Developers must demonstrate that any surface water drainage scheme:
- is designed to ensure flooding does not occur on any part of the development for a 1 in 30 year rainfall event;
- manages runoff within the development to ensure no flooding within any building or part of a utility infrastructure in a 1 in 100 year-plus climate change event; and
- provides adequate exceedance capability.
Defining the solution
SuDS need to demonstrate three core attributes: economic viability, resilience and sustainability.
- Economic viability The intended implementation of national standards for SuDS was downgraded to non-statutory guidelines in part because of the difficulty in demonstrating economic viability. The ACO approach is to deliberately seek to use the components most suited to a given project, integrating both soft SuDS and proprietary products that will ensure both constructed and long-term viability.
- Resilience This means expecting the unexpected, which for SuDs means that failure is inevitable, because of the nature of storms. What matters is that a scheme “fails gracefully”, not catastrophically, and the system is able to recover.
- Sustainability The CIRIA SuDS Manual (C753) suggests that sustainable drainage rests on four pillars, as specified in the diagram shown below. These are: water quantity; water quality; amenity; biodiversity.
Designing an appropriate system
Adapting or designing systems that can deliver the benefits of these four pillars can prove to be problematic, but is achievable. ACO supplies projects that range in size from a fraction of a hectare up to several hectares – the typical area of focus for SuDS.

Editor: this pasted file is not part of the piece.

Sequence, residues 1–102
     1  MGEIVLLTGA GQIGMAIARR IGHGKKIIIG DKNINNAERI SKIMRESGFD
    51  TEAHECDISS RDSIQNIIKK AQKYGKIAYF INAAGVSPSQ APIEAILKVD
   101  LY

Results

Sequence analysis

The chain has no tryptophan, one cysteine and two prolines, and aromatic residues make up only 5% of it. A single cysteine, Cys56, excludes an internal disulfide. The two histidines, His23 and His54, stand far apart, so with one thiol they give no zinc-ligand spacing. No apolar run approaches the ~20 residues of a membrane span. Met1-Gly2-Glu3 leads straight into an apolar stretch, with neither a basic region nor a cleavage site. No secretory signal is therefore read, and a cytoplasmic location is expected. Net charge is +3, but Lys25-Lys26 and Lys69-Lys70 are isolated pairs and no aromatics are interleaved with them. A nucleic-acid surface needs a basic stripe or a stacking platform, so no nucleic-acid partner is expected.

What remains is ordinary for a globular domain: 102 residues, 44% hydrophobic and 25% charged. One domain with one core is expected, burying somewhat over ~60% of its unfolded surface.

It is possible to achieve positive outcomes against the “four pillars” ambition through a combination of soft and engineered solutions. Moreover, it is also important to consider constructability and cost as well as maintenance. These considerations are particularly important in situations where the constructors are having to adapt designs during the build process.
Construction phase: engineered or soft?
The incorporation of engineered products in SuDS schemes is relatively easy from a construction perspective. “Soft” SuDS elements – those that make use of green landscaping – are very different and require careful attention, not least because they need to be protected from damage during the ongoing construction programme. Compaction, pollution, erosion, silt or sediments can all cause significant ongoing problems – or even failure – if they are not properly planned for.
Maintenance is one of the major difficulties in designing and constructing SuDS. Opinions are divided on whether maintenance of SuDS is cheaper overall than conventional systems.
Whether soft or engineered SuDS are used, it is critical that provisions are made for inspection post-construction and performance, along with enforcement, if SuDS features are not maintained as designed.
Modifications to designs will require technical support and guidance, which is accessible from manufacturers that provide engineered solutions designed to interface with soft systems. CIRIA also provides useful information in its freely accessible publications, such as Guidance on the Construction of SuDS (C768).
ACO’s QuadraCeptor filtration system